HazMat: A Driving Game for Adults
By Josh Simons on Jul 31, 2007
I remember my parents keeping us kids occupied on long vacation drives with car-related games. Our favorite was spotting licenses plates from as many different US states and Canadian provinces as we could find.
If you commute to work, why not pass the time and learn a little about the many chemicals that underpin our society by collecting hazardous materials codes from nearby trucks? As an added plus, you will join me in being horrified at how some automobile drivers seem totally oblivious to the ramifications of playing chicken with these big rigs.
To play HazMat, you'll need to keep track of the codes you see on truck placards. The placards look like this:
In this example, the "3" represents the hazard class of the material being transported. There are nine such categories. They are:
- Gases - Compressed, Dissolved or Refrigerated
- Flammable Liquid
- Flammable Solids - Combustible, Water Reactive
- Oxidizing Substances - Organic Peroxides
- Poisonous (Toxic) and Infectious Substances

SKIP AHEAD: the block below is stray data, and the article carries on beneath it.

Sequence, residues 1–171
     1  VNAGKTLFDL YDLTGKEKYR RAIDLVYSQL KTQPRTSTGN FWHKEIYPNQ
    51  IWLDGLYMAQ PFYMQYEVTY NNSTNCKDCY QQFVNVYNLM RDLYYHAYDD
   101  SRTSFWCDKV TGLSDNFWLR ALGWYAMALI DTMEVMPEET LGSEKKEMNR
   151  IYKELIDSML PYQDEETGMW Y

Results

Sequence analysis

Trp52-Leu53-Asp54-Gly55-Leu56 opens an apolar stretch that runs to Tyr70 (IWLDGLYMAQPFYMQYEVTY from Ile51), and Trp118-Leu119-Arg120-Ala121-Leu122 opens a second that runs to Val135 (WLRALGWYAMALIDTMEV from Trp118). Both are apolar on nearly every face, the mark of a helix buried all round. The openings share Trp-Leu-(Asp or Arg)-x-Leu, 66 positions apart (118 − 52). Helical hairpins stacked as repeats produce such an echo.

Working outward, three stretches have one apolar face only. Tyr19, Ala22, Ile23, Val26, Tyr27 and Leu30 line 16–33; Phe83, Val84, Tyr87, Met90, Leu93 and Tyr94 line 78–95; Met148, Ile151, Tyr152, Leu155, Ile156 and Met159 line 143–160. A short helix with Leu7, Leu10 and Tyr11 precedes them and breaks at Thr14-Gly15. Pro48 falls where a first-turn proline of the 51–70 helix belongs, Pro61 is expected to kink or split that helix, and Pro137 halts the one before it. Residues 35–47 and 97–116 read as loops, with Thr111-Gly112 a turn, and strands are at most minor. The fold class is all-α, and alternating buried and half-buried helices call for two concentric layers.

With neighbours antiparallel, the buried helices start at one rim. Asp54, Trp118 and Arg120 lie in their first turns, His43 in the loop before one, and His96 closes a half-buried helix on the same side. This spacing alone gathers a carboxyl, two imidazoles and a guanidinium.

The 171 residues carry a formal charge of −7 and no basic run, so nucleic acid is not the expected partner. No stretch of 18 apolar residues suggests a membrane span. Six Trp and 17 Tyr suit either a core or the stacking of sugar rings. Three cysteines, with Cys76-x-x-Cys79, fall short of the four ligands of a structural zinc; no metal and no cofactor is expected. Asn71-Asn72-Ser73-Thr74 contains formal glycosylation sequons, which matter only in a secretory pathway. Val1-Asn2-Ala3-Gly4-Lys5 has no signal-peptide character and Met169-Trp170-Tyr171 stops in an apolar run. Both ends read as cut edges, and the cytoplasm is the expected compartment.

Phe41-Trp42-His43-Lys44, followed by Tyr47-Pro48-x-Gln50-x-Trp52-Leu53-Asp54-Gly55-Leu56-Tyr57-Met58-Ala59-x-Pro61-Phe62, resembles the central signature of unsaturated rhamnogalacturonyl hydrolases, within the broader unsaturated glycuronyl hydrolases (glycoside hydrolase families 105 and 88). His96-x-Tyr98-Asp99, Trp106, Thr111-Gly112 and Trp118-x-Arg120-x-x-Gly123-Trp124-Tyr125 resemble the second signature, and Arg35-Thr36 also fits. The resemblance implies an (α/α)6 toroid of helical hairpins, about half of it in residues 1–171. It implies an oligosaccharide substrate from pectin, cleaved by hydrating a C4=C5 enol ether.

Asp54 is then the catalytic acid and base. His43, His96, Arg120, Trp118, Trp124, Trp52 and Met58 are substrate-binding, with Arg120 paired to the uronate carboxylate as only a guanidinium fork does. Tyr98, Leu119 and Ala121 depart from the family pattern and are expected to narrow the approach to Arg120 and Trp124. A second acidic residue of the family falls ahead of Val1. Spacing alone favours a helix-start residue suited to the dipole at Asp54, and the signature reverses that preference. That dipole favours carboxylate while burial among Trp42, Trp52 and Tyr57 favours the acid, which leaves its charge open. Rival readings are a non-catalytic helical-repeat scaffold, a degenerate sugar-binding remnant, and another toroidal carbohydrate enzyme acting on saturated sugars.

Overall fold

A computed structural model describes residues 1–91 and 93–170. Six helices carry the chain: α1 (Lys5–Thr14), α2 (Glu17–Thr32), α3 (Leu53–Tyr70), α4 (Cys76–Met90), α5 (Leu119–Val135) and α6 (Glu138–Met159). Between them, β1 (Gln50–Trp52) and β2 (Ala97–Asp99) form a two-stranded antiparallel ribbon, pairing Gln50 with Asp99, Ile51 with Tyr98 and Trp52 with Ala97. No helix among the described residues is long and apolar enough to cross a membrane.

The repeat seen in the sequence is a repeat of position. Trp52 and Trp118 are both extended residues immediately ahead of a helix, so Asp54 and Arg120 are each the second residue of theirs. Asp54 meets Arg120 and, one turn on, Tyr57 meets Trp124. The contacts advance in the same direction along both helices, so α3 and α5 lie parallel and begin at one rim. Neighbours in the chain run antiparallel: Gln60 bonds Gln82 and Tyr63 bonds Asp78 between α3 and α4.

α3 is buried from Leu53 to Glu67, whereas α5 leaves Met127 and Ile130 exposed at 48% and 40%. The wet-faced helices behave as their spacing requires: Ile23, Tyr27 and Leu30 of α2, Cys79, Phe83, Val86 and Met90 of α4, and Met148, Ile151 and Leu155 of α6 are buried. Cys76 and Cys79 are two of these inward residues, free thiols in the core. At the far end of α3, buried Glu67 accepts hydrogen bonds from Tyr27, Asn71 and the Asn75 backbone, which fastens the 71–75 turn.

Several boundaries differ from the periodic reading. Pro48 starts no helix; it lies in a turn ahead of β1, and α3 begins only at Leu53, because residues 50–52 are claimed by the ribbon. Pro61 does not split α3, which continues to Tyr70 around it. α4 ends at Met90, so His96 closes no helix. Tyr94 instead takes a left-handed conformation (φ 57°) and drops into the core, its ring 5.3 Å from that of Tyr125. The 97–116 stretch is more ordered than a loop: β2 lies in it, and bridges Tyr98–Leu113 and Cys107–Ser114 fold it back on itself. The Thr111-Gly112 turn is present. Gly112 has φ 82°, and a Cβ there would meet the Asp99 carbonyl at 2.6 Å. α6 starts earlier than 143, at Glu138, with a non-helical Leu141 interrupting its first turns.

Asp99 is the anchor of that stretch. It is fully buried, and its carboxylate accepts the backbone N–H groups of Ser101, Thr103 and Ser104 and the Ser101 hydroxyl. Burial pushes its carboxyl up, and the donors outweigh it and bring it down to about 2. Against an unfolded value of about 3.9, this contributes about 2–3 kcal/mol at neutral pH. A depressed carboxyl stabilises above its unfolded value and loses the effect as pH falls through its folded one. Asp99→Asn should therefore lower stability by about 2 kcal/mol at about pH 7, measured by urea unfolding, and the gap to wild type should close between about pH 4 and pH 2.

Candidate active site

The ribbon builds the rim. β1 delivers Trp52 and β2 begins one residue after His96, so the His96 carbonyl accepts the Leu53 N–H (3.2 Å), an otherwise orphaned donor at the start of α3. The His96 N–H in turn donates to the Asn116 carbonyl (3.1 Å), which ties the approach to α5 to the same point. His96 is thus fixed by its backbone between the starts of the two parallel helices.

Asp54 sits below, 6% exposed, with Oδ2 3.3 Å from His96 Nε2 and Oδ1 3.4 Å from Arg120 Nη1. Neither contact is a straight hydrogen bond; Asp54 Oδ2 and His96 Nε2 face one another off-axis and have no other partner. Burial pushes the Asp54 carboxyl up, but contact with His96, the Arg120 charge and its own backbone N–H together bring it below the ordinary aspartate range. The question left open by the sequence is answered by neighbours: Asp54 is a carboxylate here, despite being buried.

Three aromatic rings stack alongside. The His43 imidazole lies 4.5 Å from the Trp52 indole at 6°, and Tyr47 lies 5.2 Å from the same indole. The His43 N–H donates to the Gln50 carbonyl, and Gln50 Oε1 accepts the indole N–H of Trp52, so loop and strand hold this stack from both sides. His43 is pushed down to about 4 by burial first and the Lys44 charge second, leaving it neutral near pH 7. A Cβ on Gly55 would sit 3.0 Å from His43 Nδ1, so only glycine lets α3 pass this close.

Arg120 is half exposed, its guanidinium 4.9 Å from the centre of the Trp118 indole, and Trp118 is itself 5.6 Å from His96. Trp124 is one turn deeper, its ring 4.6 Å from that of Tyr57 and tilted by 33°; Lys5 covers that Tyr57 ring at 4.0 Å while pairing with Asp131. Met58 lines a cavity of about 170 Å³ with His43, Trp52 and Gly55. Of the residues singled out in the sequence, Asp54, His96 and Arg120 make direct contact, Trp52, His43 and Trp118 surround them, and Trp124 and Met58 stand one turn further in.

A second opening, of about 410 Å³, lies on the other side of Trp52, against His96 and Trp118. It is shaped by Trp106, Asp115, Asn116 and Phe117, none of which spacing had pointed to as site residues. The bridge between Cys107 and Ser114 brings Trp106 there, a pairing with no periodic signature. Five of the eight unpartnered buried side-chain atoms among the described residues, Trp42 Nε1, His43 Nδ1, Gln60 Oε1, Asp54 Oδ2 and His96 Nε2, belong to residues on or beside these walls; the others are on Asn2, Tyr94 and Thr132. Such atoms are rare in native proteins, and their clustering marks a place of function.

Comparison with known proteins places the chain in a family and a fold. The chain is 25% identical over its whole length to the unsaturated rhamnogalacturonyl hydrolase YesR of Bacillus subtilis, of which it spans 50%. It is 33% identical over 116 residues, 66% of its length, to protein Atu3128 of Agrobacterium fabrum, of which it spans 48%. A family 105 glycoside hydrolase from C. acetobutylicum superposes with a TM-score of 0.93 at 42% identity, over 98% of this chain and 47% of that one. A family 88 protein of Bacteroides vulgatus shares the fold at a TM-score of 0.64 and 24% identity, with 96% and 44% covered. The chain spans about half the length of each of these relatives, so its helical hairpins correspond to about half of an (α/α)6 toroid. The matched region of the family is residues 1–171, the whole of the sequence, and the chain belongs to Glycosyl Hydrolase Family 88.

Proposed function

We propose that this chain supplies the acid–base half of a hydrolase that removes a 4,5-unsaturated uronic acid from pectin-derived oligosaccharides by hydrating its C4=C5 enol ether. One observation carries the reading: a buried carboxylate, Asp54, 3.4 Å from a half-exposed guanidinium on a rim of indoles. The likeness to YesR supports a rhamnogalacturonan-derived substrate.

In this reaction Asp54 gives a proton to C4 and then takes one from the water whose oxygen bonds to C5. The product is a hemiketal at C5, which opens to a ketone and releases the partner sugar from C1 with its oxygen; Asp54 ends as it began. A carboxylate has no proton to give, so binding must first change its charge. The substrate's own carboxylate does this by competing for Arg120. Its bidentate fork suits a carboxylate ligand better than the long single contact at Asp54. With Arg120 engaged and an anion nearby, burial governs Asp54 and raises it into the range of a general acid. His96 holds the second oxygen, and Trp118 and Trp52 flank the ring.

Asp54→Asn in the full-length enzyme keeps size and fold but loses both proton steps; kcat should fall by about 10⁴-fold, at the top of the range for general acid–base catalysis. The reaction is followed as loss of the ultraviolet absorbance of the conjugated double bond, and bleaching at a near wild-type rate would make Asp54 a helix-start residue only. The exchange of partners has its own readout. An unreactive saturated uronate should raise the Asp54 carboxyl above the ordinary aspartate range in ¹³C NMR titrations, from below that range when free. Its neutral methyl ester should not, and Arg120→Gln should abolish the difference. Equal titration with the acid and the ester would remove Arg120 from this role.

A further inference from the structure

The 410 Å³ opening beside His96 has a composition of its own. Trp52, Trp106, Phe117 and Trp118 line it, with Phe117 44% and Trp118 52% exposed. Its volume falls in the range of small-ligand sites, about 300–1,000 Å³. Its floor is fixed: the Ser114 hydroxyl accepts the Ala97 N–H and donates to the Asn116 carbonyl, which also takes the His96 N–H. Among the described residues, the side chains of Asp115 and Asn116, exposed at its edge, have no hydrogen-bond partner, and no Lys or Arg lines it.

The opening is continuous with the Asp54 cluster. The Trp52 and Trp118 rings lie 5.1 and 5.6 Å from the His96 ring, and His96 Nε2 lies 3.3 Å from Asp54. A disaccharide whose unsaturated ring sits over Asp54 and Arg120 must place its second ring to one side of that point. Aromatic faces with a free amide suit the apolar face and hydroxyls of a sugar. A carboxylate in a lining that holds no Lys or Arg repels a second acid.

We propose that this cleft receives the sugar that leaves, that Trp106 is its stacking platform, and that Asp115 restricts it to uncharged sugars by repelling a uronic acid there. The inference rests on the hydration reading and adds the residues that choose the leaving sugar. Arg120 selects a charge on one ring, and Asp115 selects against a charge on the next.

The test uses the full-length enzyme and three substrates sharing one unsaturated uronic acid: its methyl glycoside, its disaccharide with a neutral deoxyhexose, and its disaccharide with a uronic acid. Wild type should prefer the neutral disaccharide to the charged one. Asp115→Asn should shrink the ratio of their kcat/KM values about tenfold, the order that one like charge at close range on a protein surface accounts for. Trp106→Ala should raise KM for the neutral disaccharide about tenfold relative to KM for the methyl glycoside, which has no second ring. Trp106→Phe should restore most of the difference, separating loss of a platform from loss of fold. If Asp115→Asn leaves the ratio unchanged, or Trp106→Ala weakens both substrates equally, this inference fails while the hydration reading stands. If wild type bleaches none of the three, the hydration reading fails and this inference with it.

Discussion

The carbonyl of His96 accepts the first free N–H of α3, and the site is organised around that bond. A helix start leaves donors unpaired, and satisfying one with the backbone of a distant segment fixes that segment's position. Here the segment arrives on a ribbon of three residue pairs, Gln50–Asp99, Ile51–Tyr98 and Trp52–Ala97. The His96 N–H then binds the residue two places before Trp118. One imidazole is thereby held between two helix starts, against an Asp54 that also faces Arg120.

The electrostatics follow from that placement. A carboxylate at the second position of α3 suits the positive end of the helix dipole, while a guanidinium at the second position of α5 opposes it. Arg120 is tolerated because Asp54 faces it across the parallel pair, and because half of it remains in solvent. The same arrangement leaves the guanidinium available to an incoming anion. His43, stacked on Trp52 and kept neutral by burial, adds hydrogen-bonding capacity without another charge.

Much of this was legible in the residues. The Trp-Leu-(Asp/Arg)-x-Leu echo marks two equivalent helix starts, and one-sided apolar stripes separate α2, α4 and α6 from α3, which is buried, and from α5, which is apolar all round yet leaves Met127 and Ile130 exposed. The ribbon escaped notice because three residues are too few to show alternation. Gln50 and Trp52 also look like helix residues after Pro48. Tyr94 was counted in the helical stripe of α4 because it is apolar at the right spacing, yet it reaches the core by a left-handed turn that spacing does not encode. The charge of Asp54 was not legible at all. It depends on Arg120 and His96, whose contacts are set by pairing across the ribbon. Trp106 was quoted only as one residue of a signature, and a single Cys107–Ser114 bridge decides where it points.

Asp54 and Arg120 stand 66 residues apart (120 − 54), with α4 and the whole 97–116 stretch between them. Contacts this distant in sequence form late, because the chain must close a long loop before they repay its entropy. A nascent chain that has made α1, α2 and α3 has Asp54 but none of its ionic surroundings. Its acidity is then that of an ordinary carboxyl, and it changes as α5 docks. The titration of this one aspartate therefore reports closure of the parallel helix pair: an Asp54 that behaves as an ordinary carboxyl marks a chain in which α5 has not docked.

- Radioactive Material
- Miscellaneous Dangerous Goods
You will also need a copy of the US government's hazardous materials table to decipher the four-digit codes. For example, the "1203" on the sample placard means gasoline or gasohol. I found a PDF copy of the table here.Here are a few of the more unusual placard numbers I've seen commuting on Rt 128 in the Boston area.
- 1824 -- sodium hydroxide solution
- 1966 -- refrigerated liquid hydrogen
- 3264 -- acidic, inorganic, corrosive liquid
- 3257 -- elevated temperature at or above 100 degreesC and below its flash point (including molten metals, molten salts, etc.)
So, give HazMat a try. Have fun, collect them all...and be careful out there.